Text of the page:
“Miss Ophelia’s idea for how to ‘save’ Topsy is consumed by respectability politics and later in the novel, she prescribes an ‘acceptable’ trajectory for Topsy by instructing her to choose teaching as a profession and expecting Topsy to reinforce Ophelia’s liberal, albeit racist teachings,” Stanback said.
“But what I argue is that had Miss Ophelia had a genuine acceptance and appreciation of Topsy, she would not only be concerned with her survival as a Black girl, but also her aspirations, joy, faults, and fears—the things that make us human,” she continued.
Stanback is a firm believer in the value of studying children’s literature, something she said she has been challenged for pursuing in the past. “In many social issues we evoke ‘What about the children,’ but then actually don’t take the time to listen to what they might want and need,” she said. “They have autonomy. Add the marginalization of race to the mix, Black children are double ignored in our society,” Stanback added.
“During this Black History Month we need to remember that racial violence isn’t only limited to adults, but most importantly, Black kids have a voice that needs to be heard." - Micah-Jade Coleman Stanback on Black children's roles in discussions of racism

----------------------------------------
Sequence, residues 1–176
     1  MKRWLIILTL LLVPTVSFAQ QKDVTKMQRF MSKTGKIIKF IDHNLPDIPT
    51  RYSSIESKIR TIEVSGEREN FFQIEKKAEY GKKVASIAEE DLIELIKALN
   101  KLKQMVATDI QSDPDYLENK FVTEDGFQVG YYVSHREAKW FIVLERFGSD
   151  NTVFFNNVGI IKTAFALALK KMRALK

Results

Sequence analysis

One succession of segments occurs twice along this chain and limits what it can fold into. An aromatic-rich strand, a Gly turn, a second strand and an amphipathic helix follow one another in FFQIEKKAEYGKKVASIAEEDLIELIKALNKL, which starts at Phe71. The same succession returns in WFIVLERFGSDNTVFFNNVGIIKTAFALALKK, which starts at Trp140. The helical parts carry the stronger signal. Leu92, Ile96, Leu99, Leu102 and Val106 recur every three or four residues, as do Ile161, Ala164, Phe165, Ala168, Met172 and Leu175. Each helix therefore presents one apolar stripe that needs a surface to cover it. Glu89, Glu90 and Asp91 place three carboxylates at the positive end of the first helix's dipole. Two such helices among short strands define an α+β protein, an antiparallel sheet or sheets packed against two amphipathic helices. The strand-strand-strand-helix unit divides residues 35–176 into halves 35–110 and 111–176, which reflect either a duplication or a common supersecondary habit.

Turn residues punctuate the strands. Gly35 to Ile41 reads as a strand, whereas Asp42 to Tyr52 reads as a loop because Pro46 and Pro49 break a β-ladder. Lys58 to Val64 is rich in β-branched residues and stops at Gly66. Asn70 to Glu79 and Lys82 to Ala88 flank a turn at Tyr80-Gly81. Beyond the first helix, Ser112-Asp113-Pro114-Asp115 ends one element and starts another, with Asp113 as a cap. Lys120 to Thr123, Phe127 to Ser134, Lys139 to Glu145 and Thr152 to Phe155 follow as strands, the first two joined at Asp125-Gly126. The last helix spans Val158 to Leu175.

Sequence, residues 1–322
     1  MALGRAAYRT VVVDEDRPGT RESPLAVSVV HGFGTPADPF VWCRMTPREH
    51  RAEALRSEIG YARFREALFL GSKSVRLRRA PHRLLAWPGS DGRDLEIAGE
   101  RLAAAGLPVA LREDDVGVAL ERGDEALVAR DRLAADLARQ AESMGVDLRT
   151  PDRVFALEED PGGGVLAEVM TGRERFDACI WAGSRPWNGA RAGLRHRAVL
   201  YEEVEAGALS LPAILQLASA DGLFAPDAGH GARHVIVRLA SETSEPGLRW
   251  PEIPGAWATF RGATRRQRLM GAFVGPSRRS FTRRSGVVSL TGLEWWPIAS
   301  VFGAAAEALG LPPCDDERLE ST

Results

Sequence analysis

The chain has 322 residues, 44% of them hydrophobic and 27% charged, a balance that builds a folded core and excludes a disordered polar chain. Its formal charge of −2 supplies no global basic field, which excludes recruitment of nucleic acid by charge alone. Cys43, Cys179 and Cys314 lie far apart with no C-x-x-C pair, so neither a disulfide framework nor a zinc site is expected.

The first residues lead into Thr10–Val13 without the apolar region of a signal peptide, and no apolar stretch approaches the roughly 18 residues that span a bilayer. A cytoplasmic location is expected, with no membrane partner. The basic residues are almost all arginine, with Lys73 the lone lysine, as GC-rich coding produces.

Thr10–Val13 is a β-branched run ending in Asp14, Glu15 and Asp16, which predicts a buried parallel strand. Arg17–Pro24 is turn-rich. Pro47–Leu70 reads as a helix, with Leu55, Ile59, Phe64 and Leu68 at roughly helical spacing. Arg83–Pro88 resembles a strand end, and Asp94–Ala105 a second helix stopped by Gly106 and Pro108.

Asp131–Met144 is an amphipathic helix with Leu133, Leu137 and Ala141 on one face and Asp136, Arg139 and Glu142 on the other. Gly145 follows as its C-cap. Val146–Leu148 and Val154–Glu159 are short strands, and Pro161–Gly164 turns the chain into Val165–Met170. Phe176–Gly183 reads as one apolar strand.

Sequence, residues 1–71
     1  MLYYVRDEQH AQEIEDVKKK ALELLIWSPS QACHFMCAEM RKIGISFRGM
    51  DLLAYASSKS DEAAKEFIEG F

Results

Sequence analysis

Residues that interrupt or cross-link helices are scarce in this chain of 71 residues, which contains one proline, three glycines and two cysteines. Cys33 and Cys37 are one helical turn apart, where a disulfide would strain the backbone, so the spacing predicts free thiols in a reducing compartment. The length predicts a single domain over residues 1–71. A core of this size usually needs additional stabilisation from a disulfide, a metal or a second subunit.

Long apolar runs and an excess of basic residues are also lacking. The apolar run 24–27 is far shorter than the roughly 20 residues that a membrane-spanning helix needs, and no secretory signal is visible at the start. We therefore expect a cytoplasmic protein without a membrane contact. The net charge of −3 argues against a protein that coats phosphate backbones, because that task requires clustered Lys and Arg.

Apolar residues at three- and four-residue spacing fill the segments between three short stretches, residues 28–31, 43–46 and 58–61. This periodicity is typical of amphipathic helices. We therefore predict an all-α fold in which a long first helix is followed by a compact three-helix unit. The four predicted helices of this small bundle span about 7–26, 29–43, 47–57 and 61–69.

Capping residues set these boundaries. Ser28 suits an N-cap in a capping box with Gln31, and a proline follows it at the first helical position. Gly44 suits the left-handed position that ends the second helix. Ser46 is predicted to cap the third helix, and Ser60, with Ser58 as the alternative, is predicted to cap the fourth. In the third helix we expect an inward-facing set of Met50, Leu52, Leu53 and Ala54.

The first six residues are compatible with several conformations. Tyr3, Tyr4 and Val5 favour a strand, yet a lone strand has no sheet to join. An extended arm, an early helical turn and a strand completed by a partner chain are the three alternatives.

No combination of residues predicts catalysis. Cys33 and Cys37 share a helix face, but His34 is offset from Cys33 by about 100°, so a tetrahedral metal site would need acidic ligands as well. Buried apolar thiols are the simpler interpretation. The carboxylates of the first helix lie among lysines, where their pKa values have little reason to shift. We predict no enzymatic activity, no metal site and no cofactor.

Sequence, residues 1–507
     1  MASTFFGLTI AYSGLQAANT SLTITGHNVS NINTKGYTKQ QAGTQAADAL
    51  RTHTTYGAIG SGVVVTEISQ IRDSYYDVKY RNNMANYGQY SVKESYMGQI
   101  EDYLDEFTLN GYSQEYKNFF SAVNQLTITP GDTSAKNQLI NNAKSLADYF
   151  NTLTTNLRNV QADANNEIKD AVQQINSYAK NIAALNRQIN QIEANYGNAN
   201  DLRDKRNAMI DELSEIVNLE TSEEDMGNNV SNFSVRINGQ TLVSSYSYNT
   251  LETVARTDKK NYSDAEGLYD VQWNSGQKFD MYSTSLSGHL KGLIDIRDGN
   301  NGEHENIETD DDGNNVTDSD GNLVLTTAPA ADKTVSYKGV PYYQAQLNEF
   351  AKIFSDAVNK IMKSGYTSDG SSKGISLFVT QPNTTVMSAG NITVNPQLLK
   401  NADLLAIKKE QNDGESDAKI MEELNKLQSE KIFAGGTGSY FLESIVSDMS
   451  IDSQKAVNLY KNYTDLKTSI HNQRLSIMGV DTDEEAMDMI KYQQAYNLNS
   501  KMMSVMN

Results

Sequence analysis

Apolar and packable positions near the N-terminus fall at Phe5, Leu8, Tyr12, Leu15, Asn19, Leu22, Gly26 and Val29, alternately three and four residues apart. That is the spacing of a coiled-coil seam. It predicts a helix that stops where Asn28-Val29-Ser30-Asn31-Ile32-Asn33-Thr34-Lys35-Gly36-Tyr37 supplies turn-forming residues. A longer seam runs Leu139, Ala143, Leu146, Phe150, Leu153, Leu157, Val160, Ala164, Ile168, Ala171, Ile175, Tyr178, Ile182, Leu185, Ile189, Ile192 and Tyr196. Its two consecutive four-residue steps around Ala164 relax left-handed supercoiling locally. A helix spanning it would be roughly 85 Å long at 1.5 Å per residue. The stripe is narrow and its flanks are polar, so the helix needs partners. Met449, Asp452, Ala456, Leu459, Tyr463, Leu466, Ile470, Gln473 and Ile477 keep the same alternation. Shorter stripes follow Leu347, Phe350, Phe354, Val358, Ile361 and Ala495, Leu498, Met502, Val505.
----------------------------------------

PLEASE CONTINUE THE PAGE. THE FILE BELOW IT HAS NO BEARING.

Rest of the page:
The research, involving spending long periods exposed to troubling, racist literature, can be taxing, but the work can be rewarding and even healing, according to Stanback. “My work is also concerned with an ethic of healing and doing healing work means that you sometimes have to dig through the weeds to get to the soil that will produce a new way of thought and growth,” she said.
Black children, said Stanback, have played important roles in our past and present discussions of race and racism. “During this Black History Month we need to remember that racial violence isn’t only limited to adults, but most importantly, Black kids have a voice that needs to be heard,” she said, “Their experience matters!”